The five blockbuster “Twilight” films aren’t fondly remembered as an actor’s showcase, but since saying goodbye to the franchise that made them into overnight superstars, both Robert Pattinson and Kristen Stewart have proved their worth as performers by taking on challenging fare not tailored for the Twihards of the world.
This was especially obvious at this year’s Cannes Film Festival, where the duo were both on hand in support of what many deemed the best performances of their respective careers. For Stewart, that was as an assistant to an actress in Olivier Assayas’ “Clouds of Sils Maria.” For Pattinson, it was as Rey, a socially awkward American struggling to stay alive in the Australian outback in David Michôd’s grim follow-up to “Animal Kingdom.”
With “The Rover” opening in select theaters on June 13, Indiewire spoke with Pattinson about this challenging post-apocalyptic role.
David said he put you through the “wringer” during your three hour audition for the part. What did he make you do?
I mean, he did it at his house in LA. I don’t know, it was kind of, it was slightly nerve-wracking. I always get incredible anxiety attacks when I audition. I try to avoid them at all costs. But I loved the script so much. I had an idea of how to do it as soon as I read it.
[The audition] was just long. Normally you do two takes in an audition and that’s that. I think that’s why I’ve always messed them up over the years… I also had a really good actor reading with me as well, which helps. But yeah, I mean, it wasn’t like it was grueling or anything. It was quite exhilarating. You could tell that David was great even in the audition. I would have almost been happy not getting it. It was a great experience just doing the audition.
You obviously sold him on your interpretation of the character. What specifically was it about Rey that clicked with you?
I really like the structure of the character. There’s basically only two long dialogue scenes where he reveals anything about himself, when he’s not under total duress. But I really like having these incredibly dense dialogue scenes that are filled with subtext. Even the rhythm and the cadence of his speech reveals a lot, and it’s put in the context of a sort of stark story, where people don’t really speak in any other scene. It just allowed you to do tons with the character. It was so loose. That really appealed to me.
Rey speaks in a really specific halting manner. Was that all in the script, or was that something you brought to the character?
Sort of [laughs]. I remember reading it the first few times… It didn’t even say which state he was from. It just said the South in America. I kept saying to David, “I think there are some Australian accents in the Southern.” Australian speech is very staccato and clipped. And Southern is kind of lilting and wistful traditionally. I think that’s what created the halting thing. But that’s just how it read in a lot of ways. There’s a lot of repetition in the script — just to make repetition engaging, you have to figure out something weird to do with it instead of just repeating yourself.
My favorite scene in the film is also its most unexpected, when you break out into song, singing along to Keri Hilson’s feel-good “Pretty Girl Rock.” Did you have any say in the choice of song?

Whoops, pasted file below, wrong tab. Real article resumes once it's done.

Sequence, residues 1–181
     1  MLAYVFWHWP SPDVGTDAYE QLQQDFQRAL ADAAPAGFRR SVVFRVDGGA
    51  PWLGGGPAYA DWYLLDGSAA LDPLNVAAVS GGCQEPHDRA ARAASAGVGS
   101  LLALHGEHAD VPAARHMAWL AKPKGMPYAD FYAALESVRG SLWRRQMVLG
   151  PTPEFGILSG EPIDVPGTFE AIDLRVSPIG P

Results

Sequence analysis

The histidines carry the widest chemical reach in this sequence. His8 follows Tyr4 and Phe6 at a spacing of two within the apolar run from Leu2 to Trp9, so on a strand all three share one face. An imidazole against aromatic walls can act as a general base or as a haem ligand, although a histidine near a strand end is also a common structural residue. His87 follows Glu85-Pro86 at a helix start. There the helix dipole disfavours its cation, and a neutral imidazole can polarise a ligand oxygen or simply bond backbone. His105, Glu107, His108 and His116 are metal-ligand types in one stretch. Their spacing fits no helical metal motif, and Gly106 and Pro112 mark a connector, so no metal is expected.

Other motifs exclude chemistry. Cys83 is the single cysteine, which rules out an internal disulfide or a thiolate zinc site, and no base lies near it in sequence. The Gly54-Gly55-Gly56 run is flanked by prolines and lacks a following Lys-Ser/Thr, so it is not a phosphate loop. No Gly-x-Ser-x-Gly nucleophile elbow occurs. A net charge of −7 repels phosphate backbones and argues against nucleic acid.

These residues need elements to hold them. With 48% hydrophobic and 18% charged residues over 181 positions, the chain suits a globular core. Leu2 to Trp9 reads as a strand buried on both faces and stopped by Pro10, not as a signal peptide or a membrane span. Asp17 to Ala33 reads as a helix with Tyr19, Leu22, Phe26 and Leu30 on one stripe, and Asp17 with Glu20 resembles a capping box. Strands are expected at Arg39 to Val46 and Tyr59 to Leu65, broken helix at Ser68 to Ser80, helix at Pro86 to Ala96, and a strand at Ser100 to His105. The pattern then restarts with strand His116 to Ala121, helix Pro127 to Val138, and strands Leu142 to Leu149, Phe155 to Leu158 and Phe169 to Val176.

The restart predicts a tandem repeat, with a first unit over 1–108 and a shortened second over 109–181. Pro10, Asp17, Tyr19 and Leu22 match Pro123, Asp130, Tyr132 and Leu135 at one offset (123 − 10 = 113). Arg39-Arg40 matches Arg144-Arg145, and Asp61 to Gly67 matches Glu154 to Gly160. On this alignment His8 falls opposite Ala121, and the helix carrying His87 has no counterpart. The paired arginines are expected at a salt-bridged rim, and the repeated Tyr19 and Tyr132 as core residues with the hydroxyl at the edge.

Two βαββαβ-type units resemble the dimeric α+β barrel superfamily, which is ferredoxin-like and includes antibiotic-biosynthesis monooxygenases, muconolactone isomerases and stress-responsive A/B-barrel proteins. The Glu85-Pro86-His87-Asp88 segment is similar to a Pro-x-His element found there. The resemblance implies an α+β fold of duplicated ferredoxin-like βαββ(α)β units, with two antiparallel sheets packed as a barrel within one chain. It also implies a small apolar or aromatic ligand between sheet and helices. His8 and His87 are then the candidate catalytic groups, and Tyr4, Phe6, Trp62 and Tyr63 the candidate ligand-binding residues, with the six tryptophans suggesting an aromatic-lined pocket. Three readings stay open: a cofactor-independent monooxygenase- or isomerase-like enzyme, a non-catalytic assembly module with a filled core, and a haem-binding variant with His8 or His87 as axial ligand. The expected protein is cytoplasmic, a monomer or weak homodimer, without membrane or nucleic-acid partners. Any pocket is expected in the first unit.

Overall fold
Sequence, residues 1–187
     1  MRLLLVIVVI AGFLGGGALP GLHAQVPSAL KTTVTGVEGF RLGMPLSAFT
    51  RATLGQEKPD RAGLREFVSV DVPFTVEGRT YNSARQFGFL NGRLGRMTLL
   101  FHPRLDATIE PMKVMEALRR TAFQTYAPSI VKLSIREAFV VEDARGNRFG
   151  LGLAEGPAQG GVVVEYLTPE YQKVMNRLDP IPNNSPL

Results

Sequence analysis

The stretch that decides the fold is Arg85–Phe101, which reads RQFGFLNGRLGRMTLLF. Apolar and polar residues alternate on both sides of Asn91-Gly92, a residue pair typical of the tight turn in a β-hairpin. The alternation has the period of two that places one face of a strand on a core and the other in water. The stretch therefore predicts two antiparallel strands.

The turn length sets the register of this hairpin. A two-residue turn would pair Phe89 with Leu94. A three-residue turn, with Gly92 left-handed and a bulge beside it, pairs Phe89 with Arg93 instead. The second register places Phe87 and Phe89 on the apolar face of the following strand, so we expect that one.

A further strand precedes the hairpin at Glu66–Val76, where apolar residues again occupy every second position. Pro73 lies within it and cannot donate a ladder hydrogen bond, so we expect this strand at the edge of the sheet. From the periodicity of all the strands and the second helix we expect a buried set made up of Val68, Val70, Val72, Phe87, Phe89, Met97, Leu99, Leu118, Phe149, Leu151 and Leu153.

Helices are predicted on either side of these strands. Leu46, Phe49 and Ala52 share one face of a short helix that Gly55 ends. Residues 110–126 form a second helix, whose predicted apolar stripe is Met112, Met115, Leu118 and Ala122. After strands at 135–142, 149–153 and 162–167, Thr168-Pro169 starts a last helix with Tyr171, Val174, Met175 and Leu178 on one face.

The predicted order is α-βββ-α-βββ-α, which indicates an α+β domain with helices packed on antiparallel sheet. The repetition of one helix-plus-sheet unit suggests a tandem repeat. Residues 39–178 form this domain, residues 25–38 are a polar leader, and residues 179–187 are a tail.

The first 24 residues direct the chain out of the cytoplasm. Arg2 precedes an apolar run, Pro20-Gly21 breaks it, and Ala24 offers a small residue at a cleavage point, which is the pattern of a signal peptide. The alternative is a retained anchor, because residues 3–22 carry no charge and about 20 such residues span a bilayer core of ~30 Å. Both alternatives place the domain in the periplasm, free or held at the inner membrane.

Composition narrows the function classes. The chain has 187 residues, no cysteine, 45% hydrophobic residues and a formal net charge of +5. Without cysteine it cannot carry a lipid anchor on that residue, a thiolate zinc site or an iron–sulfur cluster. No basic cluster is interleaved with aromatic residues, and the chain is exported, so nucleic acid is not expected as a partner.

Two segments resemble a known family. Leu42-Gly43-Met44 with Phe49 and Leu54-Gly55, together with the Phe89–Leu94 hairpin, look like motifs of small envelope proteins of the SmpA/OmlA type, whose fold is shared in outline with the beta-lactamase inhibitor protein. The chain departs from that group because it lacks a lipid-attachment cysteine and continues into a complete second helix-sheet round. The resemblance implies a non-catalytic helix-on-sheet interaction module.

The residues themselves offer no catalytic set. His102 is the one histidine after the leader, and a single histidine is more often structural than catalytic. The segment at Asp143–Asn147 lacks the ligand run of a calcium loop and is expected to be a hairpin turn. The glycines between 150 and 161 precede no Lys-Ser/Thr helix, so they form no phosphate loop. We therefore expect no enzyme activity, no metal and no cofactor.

I think it was originally the Pussycat Dolls song, “Don’t You Wish Your Girlfriend Was Hot Like Me?” I remember reading that in the script and thinking, “That’s incredible.” Then they found the Keri Hilson thing and it was the absolute perfect choice of song for it. I sing basically the whole song. I thought it was kind of genius.
You sing the track with complete conviction, which I found oddly touching in a way.
I liked the idea of this guy who’s just about to make probably the biggest decision of his life, as a normal film moment. He’s deep in concentration but there’s nothing going on. I kept thinking about that moment in “The Simpsons,” where you see what’s going on inside Homer’s head — the organ grinding monkey [laughs]. I kept thinking it was kind of that moment.
The film is so bleak and unforgiving. It looks like it must have been hell to shoot. Was it?
Oh, no! It was literally one of the most fun shoots I’ve ever done. That always seems to happen when you’re doing something that’s incredibly depressing. It was one of the most fun characters to play as well. You’re so free to do almost anything that you don’t even know what you’re doing to do when you turn up to work. It was quite exciting. Also I hadn’t done a movie in a long time where the whole crew is there with you. It’s such a different environment when you’re working like that. It’s like camping. I thought it was really fun.
You’ve worked with David Cronenberg twice now, and have upcoming projects with Werner Herzog and Oliver Assayas. Are you drawn more to the director rather than the character you’ll be playing?
It’s a bit of both. It also kind of depends on the size of the part. Most of the parts I’m playing in the last few things are supporting roles. In the Herzog movie I was just working for ten days or something. When you’re doing a lead in something, you obviously have to think about if you can do it, for one thing, or if you can add something to it. But I think it was just that after working with Cronenberg, it’s working with really ambitious, confident filmmakers. I’ve got a checklist of directors I want to work with and a lot of the time I’ll do anything in their movies. But it’s not just kind of willy-nilly, I’ll do any movie. I do think about it a little bit. [Laughs]